A colleague has made me realize that user assistance writers are codependents of bad UI design. Because we explain how the UI really works, we somehow leave our developers and companies feeling like they're "covered" when the users have a bad experience.
We're not covered; the users still had the bad experience. It's just that we can apply the "nanny nanny boo boo, you should have read the manual" defense.
A simple example is the Delete button. Because of bad design practices, it has two meanings in many software applications: "Hasta la vista, baby" as in gone, gone, gone, and "Removed from here and put somewhere else in case you change your mind" as in the Recycle Bin. Because of that ambiguity, we had a discussion at work about the need to explain in the context sensitive help exactly which Delete we meant on a particular dialog box.
But why is the UI using the same word for two very different actions in the first place?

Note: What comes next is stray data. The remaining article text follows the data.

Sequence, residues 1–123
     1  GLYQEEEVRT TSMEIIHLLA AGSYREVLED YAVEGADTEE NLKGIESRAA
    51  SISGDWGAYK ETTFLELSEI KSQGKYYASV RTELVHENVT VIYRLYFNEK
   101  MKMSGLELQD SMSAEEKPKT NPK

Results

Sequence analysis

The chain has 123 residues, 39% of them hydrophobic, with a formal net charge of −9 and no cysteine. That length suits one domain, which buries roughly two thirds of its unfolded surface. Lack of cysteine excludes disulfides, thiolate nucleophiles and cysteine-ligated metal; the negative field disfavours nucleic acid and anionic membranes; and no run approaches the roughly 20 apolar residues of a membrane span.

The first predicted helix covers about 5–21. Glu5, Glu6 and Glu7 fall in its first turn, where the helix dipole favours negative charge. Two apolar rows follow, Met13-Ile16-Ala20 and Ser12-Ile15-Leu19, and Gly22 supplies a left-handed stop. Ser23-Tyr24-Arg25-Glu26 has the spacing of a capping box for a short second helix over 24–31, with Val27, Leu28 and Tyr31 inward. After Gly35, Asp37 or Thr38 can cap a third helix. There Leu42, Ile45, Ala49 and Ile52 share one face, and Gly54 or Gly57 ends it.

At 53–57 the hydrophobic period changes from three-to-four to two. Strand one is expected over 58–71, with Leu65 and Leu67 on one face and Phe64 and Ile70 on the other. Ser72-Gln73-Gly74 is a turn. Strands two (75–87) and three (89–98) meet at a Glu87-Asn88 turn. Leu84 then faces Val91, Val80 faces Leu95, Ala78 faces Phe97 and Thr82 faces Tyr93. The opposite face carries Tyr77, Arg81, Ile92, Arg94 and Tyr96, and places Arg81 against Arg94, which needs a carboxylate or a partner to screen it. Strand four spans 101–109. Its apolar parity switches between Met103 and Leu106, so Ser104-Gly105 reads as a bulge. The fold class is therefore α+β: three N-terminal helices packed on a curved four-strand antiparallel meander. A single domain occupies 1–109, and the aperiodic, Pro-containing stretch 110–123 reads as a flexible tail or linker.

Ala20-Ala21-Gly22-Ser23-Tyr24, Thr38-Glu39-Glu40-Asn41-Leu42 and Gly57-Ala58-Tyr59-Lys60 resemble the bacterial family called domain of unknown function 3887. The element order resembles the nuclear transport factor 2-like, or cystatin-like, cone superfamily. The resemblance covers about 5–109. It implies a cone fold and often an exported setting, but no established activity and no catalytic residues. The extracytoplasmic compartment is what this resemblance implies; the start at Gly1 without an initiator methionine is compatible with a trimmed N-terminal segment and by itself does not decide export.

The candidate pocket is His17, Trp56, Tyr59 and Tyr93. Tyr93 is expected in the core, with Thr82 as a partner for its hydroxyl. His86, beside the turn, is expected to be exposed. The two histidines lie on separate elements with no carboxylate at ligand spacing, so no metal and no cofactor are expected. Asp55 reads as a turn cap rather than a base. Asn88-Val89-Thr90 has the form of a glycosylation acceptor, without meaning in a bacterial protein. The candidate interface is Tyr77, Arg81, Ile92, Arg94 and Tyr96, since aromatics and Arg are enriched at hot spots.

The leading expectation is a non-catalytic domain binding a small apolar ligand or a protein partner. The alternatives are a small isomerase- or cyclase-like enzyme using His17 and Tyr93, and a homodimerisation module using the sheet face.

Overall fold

So here is my new challenge. What if Help quit explaining how to interact with the UI and quit telling the users how the system would respond? What if that became the burden of the UI itself to make interactions clear and outcomes predictable? Better labeling, embedded text, useful tool tips, etc.
What would technical communicators do? What would Help do?
For starters, technical communicators could help write UI text. Then we could reserve Help for scenario type of topics, ala how to achieve some business outcome using the product or encourage users to attempt complex tasks by demonstrating their value.
But we have to break out of our codependency first. Part of me likes to document the obvious because it's easy; part of me likes to compensate for bad design because it gives me instant "I add value" gratification.
Sometimes being part of the solution just makes us part of the problem.